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, 55 (1), 75-84

The Hard Sciences and the Soft: Some Sociological Observations

The Hard Sciences and the Soft: Some Sociological Observations

N W Storer. Bull Med Libr Assoc.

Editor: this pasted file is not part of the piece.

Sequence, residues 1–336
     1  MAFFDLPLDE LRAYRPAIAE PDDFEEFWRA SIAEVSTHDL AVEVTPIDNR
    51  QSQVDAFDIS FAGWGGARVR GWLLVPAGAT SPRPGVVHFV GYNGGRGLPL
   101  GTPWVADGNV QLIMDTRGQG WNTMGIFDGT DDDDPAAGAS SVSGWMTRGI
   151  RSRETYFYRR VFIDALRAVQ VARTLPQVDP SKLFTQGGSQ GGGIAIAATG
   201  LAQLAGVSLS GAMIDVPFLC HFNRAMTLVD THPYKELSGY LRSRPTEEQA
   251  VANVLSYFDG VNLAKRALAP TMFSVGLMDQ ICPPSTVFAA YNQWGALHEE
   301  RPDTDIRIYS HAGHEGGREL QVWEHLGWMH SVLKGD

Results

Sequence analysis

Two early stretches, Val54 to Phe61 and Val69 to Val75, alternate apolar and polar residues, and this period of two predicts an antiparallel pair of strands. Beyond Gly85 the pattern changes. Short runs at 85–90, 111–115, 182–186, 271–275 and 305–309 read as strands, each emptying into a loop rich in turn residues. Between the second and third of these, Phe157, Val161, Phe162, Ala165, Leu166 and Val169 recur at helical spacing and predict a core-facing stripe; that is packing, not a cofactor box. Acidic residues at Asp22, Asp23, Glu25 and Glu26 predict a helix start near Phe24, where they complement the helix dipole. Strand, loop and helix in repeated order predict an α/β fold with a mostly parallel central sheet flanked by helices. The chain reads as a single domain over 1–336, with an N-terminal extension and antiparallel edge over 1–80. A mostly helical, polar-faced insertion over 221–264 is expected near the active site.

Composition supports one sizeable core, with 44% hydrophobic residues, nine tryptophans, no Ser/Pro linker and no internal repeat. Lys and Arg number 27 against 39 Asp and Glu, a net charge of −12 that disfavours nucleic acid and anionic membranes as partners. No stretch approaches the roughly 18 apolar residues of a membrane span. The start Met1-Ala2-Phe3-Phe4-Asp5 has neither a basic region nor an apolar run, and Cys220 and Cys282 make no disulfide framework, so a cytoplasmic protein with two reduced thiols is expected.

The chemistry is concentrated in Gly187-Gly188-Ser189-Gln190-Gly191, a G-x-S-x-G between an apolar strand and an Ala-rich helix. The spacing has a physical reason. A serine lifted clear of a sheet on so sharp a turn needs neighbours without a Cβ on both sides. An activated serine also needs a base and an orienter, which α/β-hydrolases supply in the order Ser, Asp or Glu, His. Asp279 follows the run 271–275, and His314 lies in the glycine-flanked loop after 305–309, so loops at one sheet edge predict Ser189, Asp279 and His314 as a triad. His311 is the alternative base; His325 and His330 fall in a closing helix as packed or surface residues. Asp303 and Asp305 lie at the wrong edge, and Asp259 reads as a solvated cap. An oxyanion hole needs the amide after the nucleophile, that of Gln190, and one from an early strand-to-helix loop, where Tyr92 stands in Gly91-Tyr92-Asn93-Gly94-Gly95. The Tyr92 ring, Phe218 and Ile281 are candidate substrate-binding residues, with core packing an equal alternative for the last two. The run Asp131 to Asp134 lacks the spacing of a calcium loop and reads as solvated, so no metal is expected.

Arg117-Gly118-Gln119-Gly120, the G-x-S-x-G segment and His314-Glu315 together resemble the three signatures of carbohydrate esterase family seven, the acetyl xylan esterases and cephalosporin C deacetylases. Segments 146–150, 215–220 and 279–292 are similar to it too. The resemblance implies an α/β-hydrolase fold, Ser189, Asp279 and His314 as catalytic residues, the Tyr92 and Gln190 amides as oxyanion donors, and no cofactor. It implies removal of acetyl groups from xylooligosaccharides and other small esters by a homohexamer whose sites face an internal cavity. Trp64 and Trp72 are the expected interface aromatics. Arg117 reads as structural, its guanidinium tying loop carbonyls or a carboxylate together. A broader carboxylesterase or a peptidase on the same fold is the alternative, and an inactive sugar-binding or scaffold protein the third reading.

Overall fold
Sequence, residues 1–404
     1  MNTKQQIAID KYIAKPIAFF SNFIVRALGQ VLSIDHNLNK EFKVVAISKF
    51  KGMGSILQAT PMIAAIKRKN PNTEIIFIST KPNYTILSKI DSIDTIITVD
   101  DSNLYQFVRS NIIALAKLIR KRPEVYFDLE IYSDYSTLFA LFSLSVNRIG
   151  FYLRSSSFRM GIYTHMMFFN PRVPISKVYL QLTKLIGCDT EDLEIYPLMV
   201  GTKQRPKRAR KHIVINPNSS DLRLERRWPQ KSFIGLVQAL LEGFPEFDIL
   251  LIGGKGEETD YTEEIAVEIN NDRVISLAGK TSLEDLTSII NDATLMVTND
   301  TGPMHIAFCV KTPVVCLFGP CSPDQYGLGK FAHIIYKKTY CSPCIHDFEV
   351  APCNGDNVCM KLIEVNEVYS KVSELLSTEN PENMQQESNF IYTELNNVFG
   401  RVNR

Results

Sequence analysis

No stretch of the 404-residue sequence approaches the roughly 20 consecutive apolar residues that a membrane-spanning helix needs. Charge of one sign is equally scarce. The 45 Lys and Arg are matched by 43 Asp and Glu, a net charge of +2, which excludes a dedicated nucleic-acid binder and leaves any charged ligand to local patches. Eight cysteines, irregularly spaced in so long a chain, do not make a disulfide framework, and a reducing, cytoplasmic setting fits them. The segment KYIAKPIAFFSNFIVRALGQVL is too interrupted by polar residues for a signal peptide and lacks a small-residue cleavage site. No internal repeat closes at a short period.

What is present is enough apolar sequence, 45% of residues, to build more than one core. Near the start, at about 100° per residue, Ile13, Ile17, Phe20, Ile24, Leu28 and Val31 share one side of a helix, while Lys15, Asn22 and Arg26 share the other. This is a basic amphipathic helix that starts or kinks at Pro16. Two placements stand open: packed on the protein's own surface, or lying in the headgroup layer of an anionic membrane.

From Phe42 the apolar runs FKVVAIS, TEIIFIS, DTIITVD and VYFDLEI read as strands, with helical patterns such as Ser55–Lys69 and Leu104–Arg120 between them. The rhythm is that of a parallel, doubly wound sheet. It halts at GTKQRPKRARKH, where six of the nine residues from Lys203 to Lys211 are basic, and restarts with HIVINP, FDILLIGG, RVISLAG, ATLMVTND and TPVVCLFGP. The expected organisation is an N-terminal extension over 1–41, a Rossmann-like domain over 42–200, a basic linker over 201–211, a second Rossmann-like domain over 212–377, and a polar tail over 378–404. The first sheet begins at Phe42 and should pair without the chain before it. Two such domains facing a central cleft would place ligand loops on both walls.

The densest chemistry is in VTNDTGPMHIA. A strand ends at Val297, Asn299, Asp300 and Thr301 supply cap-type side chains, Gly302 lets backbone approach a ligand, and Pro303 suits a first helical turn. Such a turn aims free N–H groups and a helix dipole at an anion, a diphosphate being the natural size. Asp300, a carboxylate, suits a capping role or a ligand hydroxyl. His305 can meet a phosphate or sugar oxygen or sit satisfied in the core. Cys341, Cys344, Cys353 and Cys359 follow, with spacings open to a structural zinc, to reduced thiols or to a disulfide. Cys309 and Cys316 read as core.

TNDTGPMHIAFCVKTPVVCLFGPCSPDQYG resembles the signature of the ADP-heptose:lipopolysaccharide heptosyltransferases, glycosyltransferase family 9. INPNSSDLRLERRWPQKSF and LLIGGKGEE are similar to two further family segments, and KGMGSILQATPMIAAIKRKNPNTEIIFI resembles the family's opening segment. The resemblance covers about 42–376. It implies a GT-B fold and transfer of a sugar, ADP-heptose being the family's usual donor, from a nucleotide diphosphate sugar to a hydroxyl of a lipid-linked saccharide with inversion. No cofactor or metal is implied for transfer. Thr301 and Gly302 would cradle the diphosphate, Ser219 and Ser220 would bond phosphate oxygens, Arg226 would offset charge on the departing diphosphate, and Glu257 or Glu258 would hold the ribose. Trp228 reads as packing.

The paper focuses on the implications of the terms "hard" and "soft" as they are used to characterize different branches of science; this is one approach to understanding some of the relations between knowledge and social organization. Given the importance to scientists of having their work evaluated accurately, it can be seen that the more rigorously a body of knowledge is organized, the more readily professional recognition can be appropriately assigned. The degree of rigor seems directly related to the extent to which mathematics is used in a science, and it is this that makes a science "hard." Data are presented in support of the hypothesis that "harder" sciences are characterized by more impersonality in their members' relationships where impersonality is indexed by the frequency that only first initials are used in footnotes. Finally, some parallels between the economic and the scientific sectors of society are suggested, viewing money and professional recognition as "generalized media" and noting certain analogies in science to inflation and deflation in the economic system. Implications for the obsolescence of parts of the literature of science are discussed, and the relevance of this analysis to Kuhn's work on scientific revolutions is briefly noted.

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